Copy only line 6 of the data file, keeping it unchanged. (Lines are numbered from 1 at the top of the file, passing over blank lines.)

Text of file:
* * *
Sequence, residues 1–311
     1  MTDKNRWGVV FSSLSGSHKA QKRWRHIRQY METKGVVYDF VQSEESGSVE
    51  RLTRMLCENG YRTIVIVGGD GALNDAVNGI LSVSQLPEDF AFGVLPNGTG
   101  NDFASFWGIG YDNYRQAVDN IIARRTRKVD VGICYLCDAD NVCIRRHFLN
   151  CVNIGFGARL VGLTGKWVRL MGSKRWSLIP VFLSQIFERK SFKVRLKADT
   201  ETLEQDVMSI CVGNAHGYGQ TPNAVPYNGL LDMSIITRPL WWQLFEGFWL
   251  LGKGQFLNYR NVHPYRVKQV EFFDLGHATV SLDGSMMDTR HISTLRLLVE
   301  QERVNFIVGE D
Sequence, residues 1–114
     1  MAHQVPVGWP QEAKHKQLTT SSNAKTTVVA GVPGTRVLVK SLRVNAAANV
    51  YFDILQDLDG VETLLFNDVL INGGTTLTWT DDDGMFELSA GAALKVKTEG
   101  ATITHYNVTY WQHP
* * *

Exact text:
   201  ETLEQDVMSI CVGNAHGYGQ TPNAVPYNGL LDMSIITRPL WWQLFEGFWL